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Humans have a salamander-like ability to regenerate damaged body parts



Axolotl (pictured) have a remarkable ability to regenerate lost body parts.
Image : Research Institute of Molecular Pathology

Salamanders are known for their ability to regenerate, such as regrowth of whole limbs. We can not go through this biological trick, but new research proves a hitherto unknown human regenerative capacity, an ability that depends on our evolutionary past.

Our body has preserved the ability to repair injured or overworked cartilage in our joints, it says new research published today in Science Advances. Remarkably, the mechanics of this healing process are virtually the same as with amphibians and other animals to regenerate lost limbs.

"We call it our inner salamander ability."

The Scientists Those who have identified this previously unknown human ability are confident that their findings will lead to powerful new therapies for treating common joint disease and injury, including osteoarthritis , could lead. More radically, this healing mechanism "could be used to improve repair of the joints and provide a basis for the regeneration of the human limbs," the authors wrote in the article.

Some animals, such as axolotls zebrafish and bichir fish, are able to regenerate various body parts. The Axolotl is special in that it can regrow its limbs, organs and even parts of its brain. The fact that people can not grow whole limbs is hardly new, but scientists previously thought that we too are unable to repair damaged and deteriorated cartilage in our joints ourselves. To better understand this obvious human limitation, researchers from Duke University School of Medicine and Lund University sought to determine how long proteins actually remain in the cartilage.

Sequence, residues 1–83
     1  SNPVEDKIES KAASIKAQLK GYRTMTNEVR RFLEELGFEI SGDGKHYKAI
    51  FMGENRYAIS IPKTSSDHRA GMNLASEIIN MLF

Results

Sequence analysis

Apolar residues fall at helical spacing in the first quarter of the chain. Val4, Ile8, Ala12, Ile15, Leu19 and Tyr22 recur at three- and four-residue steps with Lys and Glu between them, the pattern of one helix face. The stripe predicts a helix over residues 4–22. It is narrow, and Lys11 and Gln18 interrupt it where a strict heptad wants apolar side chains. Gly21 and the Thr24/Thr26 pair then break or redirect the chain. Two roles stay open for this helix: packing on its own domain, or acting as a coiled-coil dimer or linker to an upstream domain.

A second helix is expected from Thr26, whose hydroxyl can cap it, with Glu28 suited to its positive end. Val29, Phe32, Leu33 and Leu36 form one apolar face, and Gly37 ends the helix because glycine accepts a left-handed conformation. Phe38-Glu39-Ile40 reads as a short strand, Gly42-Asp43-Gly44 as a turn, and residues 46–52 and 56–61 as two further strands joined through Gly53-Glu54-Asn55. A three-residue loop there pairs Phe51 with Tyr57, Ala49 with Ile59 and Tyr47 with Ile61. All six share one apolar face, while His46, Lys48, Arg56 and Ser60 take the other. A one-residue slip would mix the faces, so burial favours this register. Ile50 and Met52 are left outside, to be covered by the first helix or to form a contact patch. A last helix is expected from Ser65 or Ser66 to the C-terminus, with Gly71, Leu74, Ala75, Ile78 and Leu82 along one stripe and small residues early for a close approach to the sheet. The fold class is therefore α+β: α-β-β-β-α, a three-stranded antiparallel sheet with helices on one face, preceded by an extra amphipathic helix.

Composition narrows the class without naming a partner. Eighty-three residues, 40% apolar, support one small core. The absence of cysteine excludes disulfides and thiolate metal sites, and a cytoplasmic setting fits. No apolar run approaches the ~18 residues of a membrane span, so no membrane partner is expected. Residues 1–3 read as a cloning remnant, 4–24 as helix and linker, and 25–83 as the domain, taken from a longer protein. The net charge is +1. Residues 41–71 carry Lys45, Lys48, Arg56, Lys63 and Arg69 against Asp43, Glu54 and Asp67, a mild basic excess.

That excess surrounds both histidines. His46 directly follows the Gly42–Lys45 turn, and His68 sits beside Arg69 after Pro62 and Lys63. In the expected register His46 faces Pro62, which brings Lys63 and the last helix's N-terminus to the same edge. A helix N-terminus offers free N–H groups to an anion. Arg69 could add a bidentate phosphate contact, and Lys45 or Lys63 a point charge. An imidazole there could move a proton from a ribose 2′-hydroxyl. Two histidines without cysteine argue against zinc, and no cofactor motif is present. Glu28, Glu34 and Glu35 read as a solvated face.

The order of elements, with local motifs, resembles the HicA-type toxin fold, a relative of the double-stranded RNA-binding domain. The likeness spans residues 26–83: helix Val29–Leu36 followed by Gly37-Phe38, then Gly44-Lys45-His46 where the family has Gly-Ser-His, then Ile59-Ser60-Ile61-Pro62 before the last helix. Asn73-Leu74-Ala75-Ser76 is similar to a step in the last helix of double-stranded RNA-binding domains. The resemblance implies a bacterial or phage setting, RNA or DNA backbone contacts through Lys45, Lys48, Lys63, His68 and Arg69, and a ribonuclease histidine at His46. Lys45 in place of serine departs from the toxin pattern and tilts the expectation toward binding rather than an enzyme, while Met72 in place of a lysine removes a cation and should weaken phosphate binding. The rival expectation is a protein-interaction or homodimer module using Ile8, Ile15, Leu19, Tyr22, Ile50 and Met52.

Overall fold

"This led us to believe that the cartilage proteins of the knee were generally younger than those of the hip of people of similar age," wrote Virginia Kraus, professor of medicine at DUSM and co-author of the new study , at Gizmodo. "By younger, we mean that they have accumulated fewer modifications of their structure, which naturally accompanied aging over time. As a result, we wanted to examine ankle cartilage and, in fact, found that the same proteins were even younger. A "salamander-like" ability to regenerate damaged body parts. Study results ” data-poster-src=”” data-anim-src=”” data-cropped=”false” class=”dv4r5q-1 hEuYft”/>

Image : Alisa Weigandt / Duke Health

This previously unknown ability was discovered using proteomics, which enables scientists to study thousands of proteins instantly with small samples. This led Kraus and her colleagues to realize that the age of the cartilage proteins can be correlated with the body part they were in. The cartilage proteins, including collagen, in the ankles were young, in the knees they were middle-aged and in the hips they were old.

This is a notable finding that a similar phenomenon is observed in animals capable of limb regeneration, as tissue repair occurs in the distal sections, ie, their extremities (eg, tiptoe and tails).

"There is a concept in the field of appendage regeneration, according to which distal tissues can be better regenerated compared to the proximal tissue," the interior Prayag Murawala, postdoc at the Research Institute of Molecular Pathology in Vienna, Austria, in an email to Gizmodo.